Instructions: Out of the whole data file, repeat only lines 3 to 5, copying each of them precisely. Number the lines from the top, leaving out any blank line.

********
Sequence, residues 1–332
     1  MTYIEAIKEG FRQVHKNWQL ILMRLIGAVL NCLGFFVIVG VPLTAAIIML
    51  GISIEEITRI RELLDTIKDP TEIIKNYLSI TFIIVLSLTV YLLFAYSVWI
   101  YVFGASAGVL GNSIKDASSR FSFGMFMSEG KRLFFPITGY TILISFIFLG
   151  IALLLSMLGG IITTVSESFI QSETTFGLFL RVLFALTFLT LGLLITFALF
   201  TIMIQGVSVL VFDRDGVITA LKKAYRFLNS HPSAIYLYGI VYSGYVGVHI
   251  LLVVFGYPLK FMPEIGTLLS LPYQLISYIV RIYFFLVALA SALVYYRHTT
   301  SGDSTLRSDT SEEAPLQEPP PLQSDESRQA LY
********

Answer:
    51  GISIEEITRI RELLDTIKDP TEIIKNYLSI TFIIVLSLTV YLLFAYSVWI
   101  YVFGASAGVL GNSIKDASSR FSFGMFMSEG KRLFFPITGY TILISFIFLG
   151  IALLLSMLGG IITTVSESFI QSETTFGLFL RVLFALTFLT LGLLITFALF